An adaptive trial should be like a driverless car – boring and predictable

On the BBC world service in 2013 there was an account by two technology journalists of going for a ride in the Google “Driverless Car”. They recounted their emotional journey as the Google engineer in the middle of a Californian freeway, in the middle of the day, leant forward and turned on the “driverless” system, then sat back arms folded. The journalists said they went through 3 stages of emotion:

  1. Firstly complete panic, were they going to crash?
  2.  Secondly, after a few seconds where everything had gone smoothly, intense curiosity as they watched how it changed lanes, dropped back when cars cut in, and took exits.
  3.  Finally boredom, as everything continued to go smoothly and they realised how cautiously it drove.

That is the rule rather than the exception with automated control: safety first, no sudden adjustments, keep safe distances, and anticipate required course corrections.

Dose response adaptive trials are designed along similar lines:

  • Only make adjustments warranted by the data,
  • Make frequent small course adjustments rather than a few abrupt “handbrake turns”,
  • If things break down, have a reasonable default behaviour.

Watching a dose-response adaptive trial run, whilst fascinating because of what is at stake, is not a thrill a minute ride. Rather we see data accumulate, cautious adjustments made following the pre-defined algorithm, and in the end a sense of inevitability around the final outcome.

For example, here is an example from a simulation of a phase 2 dose ranging study in neuropathic pain. This is a plot showing the raw data and fitted treatment response at the 4th interim, 20 weeks into the study, with 125 subjects recruited, 73 of whom have completed at this point.

Image 1


Notice how the response fitting has smoothed out the strong responses seen on the 4th and 6th treatment arms. Fitting a dose response model is a far more efficient method of analysis than pair-wise comparison where the response on each dose is compared in isolation against the control. Yet shockingly that is still the standard method of analysis. Use of this form of analysis contributes to the prevalent error in drug development of studying too few doses and too small a dose range in phase 2[1]. One of the problems of studying more than 3 different dose strengths is the statistical problem of “multiplicity” – the more things tested in an experiment the greater the opportunity for error and to counter this the analysis has to be more conservative. The conventional study to study 3 doses in this setting would need to test 360 patients, and to study 7 doses would need to test 870 patients.

This design, fitting a dose response curve as part of the analysis, whilst testing no more than 360 patients, studies 7 doses and has the same type-1 error and better power than the traditional fixed design. It also has a high probability of stopping early – testing less than 360 patients and delivering its conclusion sooner.

But I digress. The question is where would we want the next 15-20 subjects allocated over the next 2 weeks (until the next interim) given we are trying to find the dose with the maximum response? Well, a fixed proportion (25%) to the control (arm 0) and perhaps a similar amount to arm 6 which seems to have the best effect, and then the remaining allocation over the nearby arms 4, 5, & 7 that are also doing well, but no need to allocate to arms 1, 2 or 3 where the response is little better than the control arm. Seems reasonable?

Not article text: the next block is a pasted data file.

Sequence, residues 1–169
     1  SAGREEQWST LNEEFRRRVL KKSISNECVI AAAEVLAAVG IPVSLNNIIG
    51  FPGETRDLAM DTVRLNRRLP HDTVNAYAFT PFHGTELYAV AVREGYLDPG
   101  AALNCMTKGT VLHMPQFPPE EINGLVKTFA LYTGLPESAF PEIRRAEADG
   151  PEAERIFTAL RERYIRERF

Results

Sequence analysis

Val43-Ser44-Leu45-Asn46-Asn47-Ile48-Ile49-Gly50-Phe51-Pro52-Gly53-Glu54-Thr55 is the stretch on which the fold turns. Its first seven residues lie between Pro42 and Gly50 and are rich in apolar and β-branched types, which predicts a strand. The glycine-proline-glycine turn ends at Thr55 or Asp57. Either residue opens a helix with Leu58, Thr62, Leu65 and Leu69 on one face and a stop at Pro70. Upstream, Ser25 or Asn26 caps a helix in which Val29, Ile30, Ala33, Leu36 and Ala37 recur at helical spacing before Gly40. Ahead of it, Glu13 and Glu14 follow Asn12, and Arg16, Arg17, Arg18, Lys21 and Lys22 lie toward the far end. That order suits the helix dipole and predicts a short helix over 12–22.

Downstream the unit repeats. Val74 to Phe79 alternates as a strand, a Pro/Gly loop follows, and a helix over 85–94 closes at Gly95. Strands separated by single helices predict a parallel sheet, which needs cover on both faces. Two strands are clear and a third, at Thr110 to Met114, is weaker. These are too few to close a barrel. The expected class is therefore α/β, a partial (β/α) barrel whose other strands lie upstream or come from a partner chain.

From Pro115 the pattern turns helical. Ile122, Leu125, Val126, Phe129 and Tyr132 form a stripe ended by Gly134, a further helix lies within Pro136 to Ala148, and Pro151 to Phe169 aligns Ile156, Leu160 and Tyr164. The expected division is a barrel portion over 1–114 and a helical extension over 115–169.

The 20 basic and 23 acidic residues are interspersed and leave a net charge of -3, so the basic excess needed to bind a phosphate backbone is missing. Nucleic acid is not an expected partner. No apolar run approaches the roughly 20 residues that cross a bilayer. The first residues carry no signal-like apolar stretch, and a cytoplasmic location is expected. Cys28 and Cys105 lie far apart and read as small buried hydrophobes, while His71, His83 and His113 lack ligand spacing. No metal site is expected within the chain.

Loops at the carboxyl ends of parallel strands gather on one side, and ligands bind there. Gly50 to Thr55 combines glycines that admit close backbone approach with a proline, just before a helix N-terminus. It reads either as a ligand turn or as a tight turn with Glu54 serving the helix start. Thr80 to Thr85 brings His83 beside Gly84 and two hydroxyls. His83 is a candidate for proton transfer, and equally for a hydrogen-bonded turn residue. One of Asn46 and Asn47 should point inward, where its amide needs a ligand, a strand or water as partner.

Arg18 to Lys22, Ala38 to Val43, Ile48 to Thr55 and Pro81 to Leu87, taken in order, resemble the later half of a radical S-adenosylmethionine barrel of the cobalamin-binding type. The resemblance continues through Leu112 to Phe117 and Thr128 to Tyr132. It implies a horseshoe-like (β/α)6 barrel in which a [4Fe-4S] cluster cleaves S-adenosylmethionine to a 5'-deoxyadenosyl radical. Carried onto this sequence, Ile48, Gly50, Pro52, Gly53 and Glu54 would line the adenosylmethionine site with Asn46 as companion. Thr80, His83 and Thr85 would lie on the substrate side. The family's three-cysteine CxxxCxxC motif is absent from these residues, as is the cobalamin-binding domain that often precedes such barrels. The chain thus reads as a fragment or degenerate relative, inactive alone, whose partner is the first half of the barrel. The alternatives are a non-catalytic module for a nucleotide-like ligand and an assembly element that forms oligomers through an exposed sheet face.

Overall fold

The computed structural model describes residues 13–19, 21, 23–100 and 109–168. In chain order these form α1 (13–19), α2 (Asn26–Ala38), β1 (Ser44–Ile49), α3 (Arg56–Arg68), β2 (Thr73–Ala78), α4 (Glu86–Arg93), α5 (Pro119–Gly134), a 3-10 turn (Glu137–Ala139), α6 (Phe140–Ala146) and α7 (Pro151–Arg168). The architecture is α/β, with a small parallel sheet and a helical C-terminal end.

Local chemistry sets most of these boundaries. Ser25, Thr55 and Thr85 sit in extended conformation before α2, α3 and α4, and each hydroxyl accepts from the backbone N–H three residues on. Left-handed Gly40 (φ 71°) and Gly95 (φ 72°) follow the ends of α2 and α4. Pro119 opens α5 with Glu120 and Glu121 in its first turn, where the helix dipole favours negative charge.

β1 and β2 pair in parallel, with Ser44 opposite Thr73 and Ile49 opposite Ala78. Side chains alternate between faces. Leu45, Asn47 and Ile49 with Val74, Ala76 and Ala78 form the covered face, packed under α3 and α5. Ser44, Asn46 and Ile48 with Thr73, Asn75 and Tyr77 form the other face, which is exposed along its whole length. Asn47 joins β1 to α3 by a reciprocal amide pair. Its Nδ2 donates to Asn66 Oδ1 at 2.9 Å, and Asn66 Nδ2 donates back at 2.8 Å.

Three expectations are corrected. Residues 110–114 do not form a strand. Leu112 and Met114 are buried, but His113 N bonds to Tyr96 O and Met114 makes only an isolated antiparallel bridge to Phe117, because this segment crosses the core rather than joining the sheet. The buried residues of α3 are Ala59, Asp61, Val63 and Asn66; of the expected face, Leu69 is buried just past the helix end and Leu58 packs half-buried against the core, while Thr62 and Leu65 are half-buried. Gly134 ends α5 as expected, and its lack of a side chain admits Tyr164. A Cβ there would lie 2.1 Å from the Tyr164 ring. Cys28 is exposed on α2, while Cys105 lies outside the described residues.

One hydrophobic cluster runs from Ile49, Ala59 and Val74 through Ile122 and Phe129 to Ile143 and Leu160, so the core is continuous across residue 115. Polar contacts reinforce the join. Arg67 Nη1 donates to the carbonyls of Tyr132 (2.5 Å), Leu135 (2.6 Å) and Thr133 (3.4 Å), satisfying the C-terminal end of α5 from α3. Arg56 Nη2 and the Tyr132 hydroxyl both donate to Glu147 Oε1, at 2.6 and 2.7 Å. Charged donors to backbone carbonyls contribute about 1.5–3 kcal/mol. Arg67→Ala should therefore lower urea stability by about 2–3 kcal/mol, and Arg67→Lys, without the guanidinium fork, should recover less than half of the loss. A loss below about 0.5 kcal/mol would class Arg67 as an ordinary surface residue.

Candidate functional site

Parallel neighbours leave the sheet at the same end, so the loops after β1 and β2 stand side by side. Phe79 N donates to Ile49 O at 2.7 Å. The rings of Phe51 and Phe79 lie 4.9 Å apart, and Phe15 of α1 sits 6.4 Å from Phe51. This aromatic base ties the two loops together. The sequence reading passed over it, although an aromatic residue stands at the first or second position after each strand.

That’s exactly what our adaptive design does, using the rule of allocating to each of the study arms in proportion to the probability that the arm has the maximum response, scaled by how much information another subject on that arm will provide.

This plot shows how many subjects had been allocated to each arm so far, how many had completed, and what proportion of the incoming subjects should be randomised to that arm (Pr(allocation)):

Image 2

What though if Arm 6 was a mistake? What if the so far relatively small sample of patients on that dose had had randomly high responses, or on one of the other arms the responses had been randomly low? Well in this simulation that’s exactly the case, and somewhat like a long horse race, Arm 5 though lagging until the 7th interim (week 26) slowly overhauled Arm 6.


At the 10th interim (week 32, 247 subjects recruited, 176 complete) the data looks like this:

Image 3


Now we have a stand-out candidate for the best dose: Arm 5’s probability that it has the maximum response is over 55%, with no other dose having a probability above 20%. Perhaps a bigger margin than one would expect from looking at the graph. We have also met our criteria for stopping early for success: there have been least 30 patients tested with our selected dose and the probability that the response of patients on the selected dose is greater than those on control Arm is over 98.5%.

In summary the trial has convincingly shown a dose response, has a strong candidate for ‘best dose’, has stopped 12 weeks early and has data on over 100 subjects at the ‘best dose’ or one adjacent to it. All by being boring and cautious, just like the driverless car.


1 Neal Thomas , Kevin Sweeney , Veena Somayaji, “Meta-Analysis of Clinical Dose–Response in a Large Drug Development Portfolio”, Statistics in Biopharmaceutical Research, Vol. 6, Iss. 4, 2014


Tom Parke

Tom Parke

Tom Parke has been working at Tessella for over ten years. For a large part of that time he has ...

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